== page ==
The allure to poach a strong performer from your competitor is obvious. You inherit an existing network of clients from a candidate who needs minimal training, and who will likely produce a return on investment very quickly. It might leave your competitor’s business a little vulnerable for a short period of time, but such is the nature of great talent – in business and in sport.
The industrial space in Sales, especially in the Melbourne market, is heavily relationship driven. So, approaching a candidate at a competitor’s company is a common request from my clients.
Whether or not it is the best approach needs some context. It will be different for each company and situation.
When you break it down, the decision will come down to two key factors: What are you willing to offer the candidate and what are their motivators?
Being a sports nut, I’m a sucker for a good sporting analogy and I see many similarities in the Sales and sporting landscapes.
Let’s look at the biggest star currently in the AFL, Dustin Martin. Last season North Melbourne tried to poach him with a huge offer; reported to be $10.5M over seven years. Richmond couldn’t pay him that, their offer was up to $2M less over that period.
Dusty decided to stay.
You can see North Melbourne’s motivation for throwing that type of money at him. They are a great club but have underperformed and were in need of a marquee signing. Unfortunately, the only way they could trump Richmond was with more money; however, this simply isn’t what motivates Martin. The opportunity to be a Tiger For Life and the future prospects that will arise for him as a result of his integrity and loyalty are unassailable.
If your business is North Melbourne and you need to poach a star performer from a competitor, which happens to be a very reputable business, then you are going to need more than a larger paycheck to ensure someone joins your business with the right motivations.
Another good example is Gary Ablett’s decision to leave Geelong for the Gold Coast.
He was at the top of his game when he decided to join the new Gold Coast franchise for the 2011 season on a five-year deal reportedly worth $9M. He had recently won two premierships and a Brownlow Medal at Geelong and his status as one of the best players in the league was unquestioned.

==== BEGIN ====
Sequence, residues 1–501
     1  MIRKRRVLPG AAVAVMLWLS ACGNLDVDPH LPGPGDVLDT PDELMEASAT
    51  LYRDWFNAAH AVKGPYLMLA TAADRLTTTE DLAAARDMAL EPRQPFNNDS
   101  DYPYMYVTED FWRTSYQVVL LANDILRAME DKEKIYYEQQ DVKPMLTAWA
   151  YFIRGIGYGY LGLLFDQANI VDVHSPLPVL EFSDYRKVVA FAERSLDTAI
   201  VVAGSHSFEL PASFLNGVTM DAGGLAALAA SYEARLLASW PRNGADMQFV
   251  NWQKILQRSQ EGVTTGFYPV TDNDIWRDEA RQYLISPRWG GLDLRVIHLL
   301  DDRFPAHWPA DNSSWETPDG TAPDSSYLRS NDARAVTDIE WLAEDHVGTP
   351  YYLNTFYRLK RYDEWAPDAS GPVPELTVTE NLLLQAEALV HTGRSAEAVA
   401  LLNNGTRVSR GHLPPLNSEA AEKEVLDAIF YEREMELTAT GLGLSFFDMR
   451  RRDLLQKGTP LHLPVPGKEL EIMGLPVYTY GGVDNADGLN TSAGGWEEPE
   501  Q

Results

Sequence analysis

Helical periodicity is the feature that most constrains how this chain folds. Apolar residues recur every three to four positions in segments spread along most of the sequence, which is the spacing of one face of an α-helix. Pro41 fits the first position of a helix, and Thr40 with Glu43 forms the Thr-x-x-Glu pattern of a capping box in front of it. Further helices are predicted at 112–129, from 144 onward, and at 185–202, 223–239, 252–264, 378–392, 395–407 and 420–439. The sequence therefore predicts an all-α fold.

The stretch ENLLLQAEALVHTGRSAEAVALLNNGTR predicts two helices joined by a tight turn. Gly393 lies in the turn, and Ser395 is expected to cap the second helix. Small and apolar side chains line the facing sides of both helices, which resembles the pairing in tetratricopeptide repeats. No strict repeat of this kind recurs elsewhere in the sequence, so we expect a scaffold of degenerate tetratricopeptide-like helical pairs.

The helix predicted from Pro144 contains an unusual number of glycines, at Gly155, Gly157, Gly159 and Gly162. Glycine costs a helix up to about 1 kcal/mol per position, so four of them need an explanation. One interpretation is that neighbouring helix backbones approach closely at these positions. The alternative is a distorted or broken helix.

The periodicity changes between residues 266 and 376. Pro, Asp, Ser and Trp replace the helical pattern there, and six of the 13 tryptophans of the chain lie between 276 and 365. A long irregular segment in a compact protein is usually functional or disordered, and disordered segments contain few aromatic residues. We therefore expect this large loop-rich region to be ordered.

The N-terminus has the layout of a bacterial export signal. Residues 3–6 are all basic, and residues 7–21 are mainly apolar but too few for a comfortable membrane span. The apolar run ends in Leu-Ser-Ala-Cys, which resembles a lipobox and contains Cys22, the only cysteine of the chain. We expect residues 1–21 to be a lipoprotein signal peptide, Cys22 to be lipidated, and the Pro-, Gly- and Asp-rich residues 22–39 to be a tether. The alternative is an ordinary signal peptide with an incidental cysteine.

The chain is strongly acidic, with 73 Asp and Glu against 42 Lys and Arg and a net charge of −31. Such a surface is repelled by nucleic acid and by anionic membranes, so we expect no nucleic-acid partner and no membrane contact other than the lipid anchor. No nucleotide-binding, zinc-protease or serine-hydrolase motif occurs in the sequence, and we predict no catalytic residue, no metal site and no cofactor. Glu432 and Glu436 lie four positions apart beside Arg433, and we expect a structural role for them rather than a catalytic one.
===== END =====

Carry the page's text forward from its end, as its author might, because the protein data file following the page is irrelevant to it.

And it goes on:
I’m sure the money played a part in his decision as it does for many people in their career choices. However, at the time Ablett said he needed a new challenge and the people closest to him understand he performs best when challenged. It certainly was a challenge being the leader of a new franchise full of young talent and high expectations, and that is why the fit for Ablett made sense.
His motivation was to help the underdog and influence the careers of his young teammates. He hasn’t won a premiership with Gold Coast but, as he heads back to Geelong for personal reasons, he has undoubtedly left the club in a better position.
If you are looking for a Gary Ablett to join your Sales team and their motivation is to challenge themselves whilst taking on more responsibility then you have a great recipe for long-term success. The money factor will wear off eventually, but a conviction to your purpose never does.
I could probably throw in many other examples of sportspeople that have switched clubs purely for money or have changed for change’s sake only to find they went to a club that doesn’t suit their personality or style of play. The same is true for Sales people. So, before you become mesmerised by a competitor’s Sales candidate, ensure that the motivating factors for both of you are setting you up for success rather than a quick win and a long-term loss.
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